Cat-Iron, Sings Blues and Hymns (Exit Stencil) Excellent reissue of the only recordings by Natchez, Mississippi singer-guitarist William Carradine as released in 1958 by Folkways. Cat-Iron wasn’t a nickname but a mishearing of his surname by rediscoverer Frederic Ramsey, Jr., and as the title indicates the record is cleaved between blues and spirituals. Continuity is established through potent vocalizing and string work, reminiscent at times of Son House, so gospel-blues fans shouldn’t hesitate to grab a copy. Only 500 have been pressed, on yellow vinyl like the original. A-

Datura4, Hairy Mountain (Alive! Naturalsound) This Western Australian four-piece specializes in psych-blues-boogie, and they’ve been cited as extending the musical mores of their countrymen Buffalo, The Aztecs, and Coloured Balls; featuring the dual guitars of Dom Mariani (of the Stems and DM3) and Greg Hitchcock (who was briefly in the New Christs), this sophomore effort shines brightest in direct proportion to its pedal-induced amp burn, of which there is a surplus. The songs are more than just vessels for flights of controlled distortion though, and the rhythm section hits hard throughout. B+

ESP Ohio, Starting Point of the Royal Cyclopean (Rockathon) Due to the involvement of ’97-’04 Guided by Voices-guitarist Doug Gillard, this latest project from Buckeye State song fount Robert Pollard can trigger the occasional urge to overrate. The bigness of the playing and the clarity of the production does recall the music GbV made before calling it quits the first time, but through an intermittent flare-up of Pollard’s prog muscle his subsequent activity with Gillard in Lifeguards is just as fitting a comparison. It’s doubtful this album will blow many minds, but it’s still an engaging and focused affair. B+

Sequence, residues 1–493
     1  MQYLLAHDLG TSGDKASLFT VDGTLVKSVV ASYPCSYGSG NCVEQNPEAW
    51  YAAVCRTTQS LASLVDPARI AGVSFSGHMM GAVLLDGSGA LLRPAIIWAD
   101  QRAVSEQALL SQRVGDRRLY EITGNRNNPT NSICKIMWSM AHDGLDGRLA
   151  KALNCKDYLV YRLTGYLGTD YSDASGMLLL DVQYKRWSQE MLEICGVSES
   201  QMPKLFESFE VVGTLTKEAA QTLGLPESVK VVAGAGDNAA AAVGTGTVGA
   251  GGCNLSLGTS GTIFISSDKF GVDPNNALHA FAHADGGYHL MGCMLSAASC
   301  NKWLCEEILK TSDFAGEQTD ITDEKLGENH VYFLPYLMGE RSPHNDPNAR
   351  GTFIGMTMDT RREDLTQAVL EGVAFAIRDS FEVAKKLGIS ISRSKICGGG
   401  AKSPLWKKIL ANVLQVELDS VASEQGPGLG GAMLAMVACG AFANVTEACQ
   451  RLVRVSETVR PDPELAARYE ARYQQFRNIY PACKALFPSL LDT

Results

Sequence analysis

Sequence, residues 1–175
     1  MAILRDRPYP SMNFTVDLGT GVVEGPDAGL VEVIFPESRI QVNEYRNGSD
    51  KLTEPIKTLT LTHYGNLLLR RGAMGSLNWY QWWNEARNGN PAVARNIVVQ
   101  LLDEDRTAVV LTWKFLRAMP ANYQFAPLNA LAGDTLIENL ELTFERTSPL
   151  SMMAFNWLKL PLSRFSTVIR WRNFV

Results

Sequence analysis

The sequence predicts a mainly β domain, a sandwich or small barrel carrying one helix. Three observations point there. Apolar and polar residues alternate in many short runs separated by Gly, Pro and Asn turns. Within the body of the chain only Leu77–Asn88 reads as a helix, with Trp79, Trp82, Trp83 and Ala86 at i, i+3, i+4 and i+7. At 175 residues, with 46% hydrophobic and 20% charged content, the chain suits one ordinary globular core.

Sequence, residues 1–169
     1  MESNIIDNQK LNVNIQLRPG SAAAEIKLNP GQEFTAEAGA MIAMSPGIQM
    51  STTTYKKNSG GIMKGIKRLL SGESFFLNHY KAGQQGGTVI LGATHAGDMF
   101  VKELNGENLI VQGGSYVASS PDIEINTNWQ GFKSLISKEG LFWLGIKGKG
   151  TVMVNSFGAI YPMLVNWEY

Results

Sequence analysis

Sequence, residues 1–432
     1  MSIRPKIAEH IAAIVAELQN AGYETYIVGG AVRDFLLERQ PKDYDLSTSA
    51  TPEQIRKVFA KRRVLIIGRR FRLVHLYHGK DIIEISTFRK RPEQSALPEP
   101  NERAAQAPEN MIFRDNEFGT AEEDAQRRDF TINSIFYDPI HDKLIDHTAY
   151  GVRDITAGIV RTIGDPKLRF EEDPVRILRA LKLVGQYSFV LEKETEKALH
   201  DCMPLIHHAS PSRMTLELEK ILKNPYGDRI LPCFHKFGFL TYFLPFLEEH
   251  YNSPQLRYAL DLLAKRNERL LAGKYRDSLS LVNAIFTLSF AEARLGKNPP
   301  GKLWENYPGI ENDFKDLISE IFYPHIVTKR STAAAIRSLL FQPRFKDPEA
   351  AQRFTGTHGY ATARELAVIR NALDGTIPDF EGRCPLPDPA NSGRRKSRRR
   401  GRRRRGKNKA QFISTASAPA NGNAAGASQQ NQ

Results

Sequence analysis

Jack Lee, Bigger Than Life: Anthology (Alive! Naturalsound) It was Lee who wrote “Hangin’ on the Telephone,” and yet his profile still suffers in comparison to his bandmates in the Nerves, Paul Collins, and Peter Case. Comprised of Lee’s hard to find ’81 and ’85 albums plus B-side “Small World,” this 2LP should give recent converts to the power-pop cause reason to celebrate. “Hangin’…” and a few other Nerves tunes are given solid updates, but this largely resists falling back on past laurels. Dated production does abound, particularly on the ’85 stuff, but the quality songwriting still shines through. B+